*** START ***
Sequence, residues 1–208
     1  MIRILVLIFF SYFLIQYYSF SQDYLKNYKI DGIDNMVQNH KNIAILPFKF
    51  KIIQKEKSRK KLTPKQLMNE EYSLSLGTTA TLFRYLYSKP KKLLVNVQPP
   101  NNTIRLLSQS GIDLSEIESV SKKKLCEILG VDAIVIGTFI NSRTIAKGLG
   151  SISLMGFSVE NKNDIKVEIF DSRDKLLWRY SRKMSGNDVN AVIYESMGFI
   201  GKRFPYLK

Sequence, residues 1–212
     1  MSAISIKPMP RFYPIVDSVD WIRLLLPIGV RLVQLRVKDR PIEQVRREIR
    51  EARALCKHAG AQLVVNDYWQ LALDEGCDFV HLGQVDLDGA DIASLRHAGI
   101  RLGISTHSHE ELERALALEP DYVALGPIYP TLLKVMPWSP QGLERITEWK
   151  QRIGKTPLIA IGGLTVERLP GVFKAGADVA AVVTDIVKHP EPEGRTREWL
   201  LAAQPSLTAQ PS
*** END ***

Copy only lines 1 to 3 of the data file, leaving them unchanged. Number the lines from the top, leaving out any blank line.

Sequence, residues 1–208
     1  MIRILVLIFF SYFLIQYYSF SQDYLKNYKI DGIDNMVQNH KNIAILPFKF
    51  KIIQKEKSRK KLTPKQLMNE EYSLSLGTTA TLFRYLYSKP KKLLVNVQPP